Bernard Shaw and H.G. Wells are among the best-known and most controversial literary figures of the twentieth century. Both were rebelliously critical of the social and political, familial and sexual conventions and structures of their time. They shared broadly similar interests, but their lifestyles differed sharply - as did their views on many subjects, including those discussed in their correspondence: religion, socialism, science, war and world history, the theatre, the profession of authorship, and more. The letters are always forthright, often abusive and quarrelsome, sometimes suggesting that the relationship cannot last. They are also often warm, good-natured, playful, and generous - reflecting a fundamental mutual respect and similarity of outlook, however contrasting the temperament and style. The great majority of the two writers' correspondence is published here for the first time.
This volumes comprises the personal correspondence of Shaw and Wells through the course of their friendship of more than forty years, and includes and introductory essay by J. Percy Smith. The letters are fully annotated, and are accompanied by information about the circumstances under which each was written, to enable the reader to follow the course of the frequently tempestuous relationship.
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J. Percy Smith is Professor Emeritus of Drama, University of Guelph.Review:
Movie-makers in England bungled film versions of Bernard Shaw's "How He Lied to Her Husband" and "Arms and the Man", produces and directors in Germany botched those based on "Pygmalion", and a Hollywood screenplay desecrated "The Devil's Disciple". Shaw took a chance on Gabriel Pascal and gave him permission to produce a movie version of "Pygmalion" in England. It proved to be one of Shaw's best decisions. Bernard Shaw And Gabriel Pascal is the first collection of the 268 letters between these two men. This correspondence provides an intimate, behind-the-scenes view of the film industry's day-to-day workings and of the art of movie-making, from the signing of the first contract between Shaw and Pascal (December 13, 1935) to Shaw's death in 1950. The letters reveal the great extent to which Pascal scrupulously kept Shaw informed of what he did, who he negotiated with, the merits of association with certain individuals or businesses, contract problems, the backbiting and backstabbing of the film industry, difficulties with casting, and progress throughout the filming. Most important, however, the letters, postal cards, and telegrams reveal how Pascal fought for the integrity of Shavian cinema; how, as a director, he tried to create films that were true to their dramatic sources; and how, in partnership with Pascal, Shaw's cinematic writings flourished. Bernard Shaw And Gabriel Pascal is an amazing body of scholarship and research, and an invaluable addition to both cinematic history and Shavian studies. -- Midwest Book Review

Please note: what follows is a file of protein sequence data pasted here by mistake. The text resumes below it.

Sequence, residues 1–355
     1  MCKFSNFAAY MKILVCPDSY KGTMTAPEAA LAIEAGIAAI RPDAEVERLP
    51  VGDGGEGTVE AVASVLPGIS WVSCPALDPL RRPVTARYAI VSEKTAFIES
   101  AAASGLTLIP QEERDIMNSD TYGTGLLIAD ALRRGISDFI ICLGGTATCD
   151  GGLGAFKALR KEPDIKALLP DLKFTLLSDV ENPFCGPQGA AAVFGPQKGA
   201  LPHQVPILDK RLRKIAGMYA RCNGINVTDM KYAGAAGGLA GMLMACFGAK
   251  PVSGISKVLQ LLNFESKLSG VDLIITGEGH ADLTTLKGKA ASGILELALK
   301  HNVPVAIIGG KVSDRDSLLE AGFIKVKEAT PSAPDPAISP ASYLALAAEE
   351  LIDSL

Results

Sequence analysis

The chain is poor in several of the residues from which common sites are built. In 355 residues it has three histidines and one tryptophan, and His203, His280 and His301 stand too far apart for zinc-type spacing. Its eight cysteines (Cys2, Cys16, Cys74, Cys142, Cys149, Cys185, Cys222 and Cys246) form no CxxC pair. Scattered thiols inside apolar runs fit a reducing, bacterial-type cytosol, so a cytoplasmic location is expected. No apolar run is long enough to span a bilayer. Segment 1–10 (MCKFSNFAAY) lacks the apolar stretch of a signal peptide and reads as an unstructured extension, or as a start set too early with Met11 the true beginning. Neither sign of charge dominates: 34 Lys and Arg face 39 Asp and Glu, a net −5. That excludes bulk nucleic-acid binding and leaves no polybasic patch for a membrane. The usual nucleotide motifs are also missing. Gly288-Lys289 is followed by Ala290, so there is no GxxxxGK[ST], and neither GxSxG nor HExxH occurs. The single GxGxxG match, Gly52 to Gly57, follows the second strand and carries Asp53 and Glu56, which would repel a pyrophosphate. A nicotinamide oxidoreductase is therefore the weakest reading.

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Descripción University of Toronto Press, S, 1995. Hardcover. Estado de conservación: New. Never used!. Nº de ref. de la librería P110802030017
Descripción University of Toronto Press, Scholarly Publishing Division. Hardcover. Estado de conservación: New. 0802030017 New Condition. Nº de ref. de la librería NEW7.1301512
Descripción University of Toronto Press, Scholarly Publishing Division, 1995. Hardcover. Estado de conservación: New. Nº de ref. de la librería DADAX0802030017
Descripción University of Toronto Press, Scholarly Publishing Division, 1995. Hardcover. Estado de conservación: New. book. Nº de ref. de la librería M0802030017